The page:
Trying to buy only local foods was not difficult in August and September here. Even into October I was surprised by how many local foods could still be found at farmers markets and local co-ops.
However, as November arrived everything had disappeared from the shelves. In my project, that meant that I had to learn to preserve foods by canning, freezing and dehydrating. I lived off of preserved foods for 3 weeks and the effort it took to provide food for only myself for a few weeks made me appreciate how much work it had to be for early settlers in the Midwest. In the end, it is extremely difficult (if not impossible at this point) to eat local foods year-round in Minnesota. It takes a great deal of planning and actual sacrifice. I had to give up coffee, all tropical fruits, the majority of spices and herbs, and rice. My diet changed to one filled with apples, potatoes, and whatever local vegetables I could find that week.
To avoid accumulating any waste with food purchases, I buy everything in bulk. This also involved some sacrifice in that my days of eating premade foods were over. As a result, my time in the kitchen about tripled every day. I learned to cook many foods from scratch that I would have ordinarily just bought in packages: tortillas, bread, crackers, granola, and even butter and cheese. While I am eating fresher food there is a huge battle with the time it takes to prepare everything. It goes to show that the connection between women entering the workforce and premade meals appearing in American pantries.
Photo Album: Eating local in a frigid Minnesota winter isn't easy to pull off, but lots of fun to try.
Eating only at restaurants that source their ingredients locally is another goal of mine. There are many more 'local' restaurants than I imagined in Minneapolis. A pizza place down the street has the motto, "planet-saving pizza." They compost all waste, source as many local ingredients as possible, and deliver by bike and electric car (in superhero uniforms of course). It is really refreshing to see so many new restaurants with these goals in mind.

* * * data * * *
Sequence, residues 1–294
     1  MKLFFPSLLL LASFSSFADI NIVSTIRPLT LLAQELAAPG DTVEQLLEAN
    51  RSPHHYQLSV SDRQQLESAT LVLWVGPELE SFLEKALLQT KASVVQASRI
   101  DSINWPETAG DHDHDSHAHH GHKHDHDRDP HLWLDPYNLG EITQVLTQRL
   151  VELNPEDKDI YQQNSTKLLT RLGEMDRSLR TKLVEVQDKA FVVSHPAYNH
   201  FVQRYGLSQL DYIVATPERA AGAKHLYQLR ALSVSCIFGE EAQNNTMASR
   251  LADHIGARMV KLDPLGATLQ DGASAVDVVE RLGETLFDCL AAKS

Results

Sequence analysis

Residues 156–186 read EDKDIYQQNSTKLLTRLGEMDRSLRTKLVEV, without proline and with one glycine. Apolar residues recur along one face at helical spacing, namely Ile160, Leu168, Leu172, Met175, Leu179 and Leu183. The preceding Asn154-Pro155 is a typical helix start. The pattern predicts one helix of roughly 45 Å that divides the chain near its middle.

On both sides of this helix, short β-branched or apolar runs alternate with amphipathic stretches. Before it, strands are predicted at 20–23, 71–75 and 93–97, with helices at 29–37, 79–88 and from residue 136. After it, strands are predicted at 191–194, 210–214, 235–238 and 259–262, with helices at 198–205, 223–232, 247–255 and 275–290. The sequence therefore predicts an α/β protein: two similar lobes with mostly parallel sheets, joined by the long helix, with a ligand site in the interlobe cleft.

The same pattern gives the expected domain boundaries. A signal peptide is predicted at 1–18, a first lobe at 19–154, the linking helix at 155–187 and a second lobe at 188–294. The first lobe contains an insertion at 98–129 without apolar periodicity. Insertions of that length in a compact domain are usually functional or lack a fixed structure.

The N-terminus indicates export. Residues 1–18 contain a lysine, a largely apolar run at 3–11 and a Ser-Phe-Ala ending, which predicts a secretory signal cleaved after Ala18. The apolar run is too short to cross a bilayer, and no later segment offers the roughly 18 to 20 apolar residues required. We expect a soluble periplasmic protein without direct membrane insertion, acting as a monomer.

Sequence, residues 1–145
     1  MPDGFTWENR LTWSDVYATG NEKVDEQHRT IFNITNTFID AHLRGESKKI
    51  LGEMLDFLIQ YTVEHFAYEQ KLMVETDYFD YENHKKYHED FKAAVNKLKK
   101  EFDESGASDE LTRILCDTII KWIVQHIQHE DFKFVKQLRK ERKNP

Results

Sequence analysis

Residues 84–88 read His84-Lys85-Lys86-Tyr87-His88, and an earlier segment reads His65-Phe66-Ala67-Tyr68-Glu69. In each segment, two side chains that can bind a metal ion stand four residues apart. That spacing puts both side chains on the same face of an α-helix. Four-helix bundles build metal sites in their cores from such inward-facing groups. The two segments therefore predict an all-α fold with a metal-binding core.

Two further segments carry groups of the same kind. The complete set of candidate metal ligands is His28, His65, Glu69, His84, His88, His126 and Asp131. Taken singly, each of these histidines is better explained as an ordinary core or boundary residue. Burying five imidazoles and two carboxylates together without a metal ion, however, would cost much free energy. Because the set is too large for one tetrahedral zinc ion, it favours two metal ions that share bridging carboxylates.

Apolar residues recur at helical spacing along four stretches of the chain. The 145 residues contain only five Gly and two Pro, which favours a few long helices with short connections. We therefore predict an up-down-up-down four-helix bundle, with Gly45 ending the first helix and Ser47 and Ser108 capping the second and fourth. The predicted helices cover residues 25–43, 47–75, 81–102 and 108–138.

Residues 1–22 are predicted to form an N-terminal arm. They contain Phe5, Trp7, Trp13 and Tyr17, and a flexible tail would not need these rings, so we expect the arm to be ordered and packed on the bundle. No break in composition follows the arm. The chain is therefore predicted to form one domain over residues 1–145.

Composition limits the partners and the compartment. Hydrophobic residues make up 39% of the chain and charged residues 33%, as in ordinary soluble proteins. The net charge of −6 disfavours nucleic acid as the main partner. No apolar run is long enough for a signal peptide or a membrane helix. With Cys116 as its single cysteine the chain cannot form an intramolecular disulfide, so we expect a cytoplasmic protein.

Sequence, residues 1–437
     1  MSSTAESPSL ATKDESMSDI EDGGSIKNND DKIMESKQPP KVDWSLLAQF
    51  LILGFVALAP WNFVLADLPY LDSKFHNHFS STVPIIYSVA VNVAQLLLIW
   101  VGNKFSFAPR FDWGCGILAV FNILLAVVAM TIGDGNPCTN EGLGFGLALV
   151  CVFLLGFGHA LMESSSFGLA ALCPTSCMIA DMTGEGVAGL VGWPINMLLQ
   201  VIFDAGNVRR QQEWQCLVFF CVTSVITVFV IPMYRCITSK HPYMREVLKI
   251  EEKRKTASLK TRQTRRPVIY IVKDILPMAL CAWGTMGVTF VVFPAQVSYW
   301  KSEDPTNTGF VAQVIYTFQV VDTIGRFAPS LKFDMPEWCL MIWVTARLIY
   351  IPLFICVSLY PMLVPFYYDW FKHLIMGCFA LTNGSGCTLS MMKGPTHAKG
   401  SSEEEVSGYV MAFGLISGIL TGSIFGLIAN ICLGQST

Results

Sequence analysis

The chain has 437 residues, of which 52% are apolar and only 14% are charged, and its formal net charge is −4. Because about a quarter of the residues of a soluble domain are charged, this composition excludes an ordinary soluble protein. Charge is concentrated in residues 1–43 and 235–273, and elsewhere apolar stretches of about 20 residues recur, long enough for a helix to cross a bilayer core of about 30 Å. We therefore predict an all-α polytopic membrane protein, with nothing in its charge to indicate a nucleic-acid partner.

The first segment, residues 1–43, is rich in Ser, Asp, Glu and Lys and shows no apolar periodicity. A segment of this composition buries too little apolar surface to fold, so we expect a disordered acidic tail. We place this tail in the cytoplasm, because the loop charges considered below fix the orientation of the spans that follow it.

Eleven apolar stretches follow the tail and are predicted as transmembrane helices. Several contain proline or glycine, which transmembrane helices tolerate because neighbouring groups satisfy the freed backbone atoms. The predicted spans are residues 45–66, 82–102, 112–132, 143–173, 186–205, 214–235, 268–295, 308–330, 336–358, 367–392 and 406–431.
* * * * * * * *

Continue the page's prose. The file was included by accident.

However, they go through the same struggle of finding local food as the weather turns colder. After talking to a few restaurant owners, I have yet to find a place which actually preserves local foods throughout the year.
Lastly, I've started to grow my own food. Living in an apartment in the middle of the city—without a yard—led me to set up a large grow table in my living room. It is located by a south facing window and I use a high powered 4-tube fluorescent grow light to supplement the light. I have been experimenting with what foods can grow well indoors and have managed to grow bell peppers, jalapenos, and lots of herbs and greens. Everything grows about twice as slow because of the limited light, but it has been great to walk into my living room every morning in the middle of winter to find a lush green garden! And, my food only has to travel about 10 feet!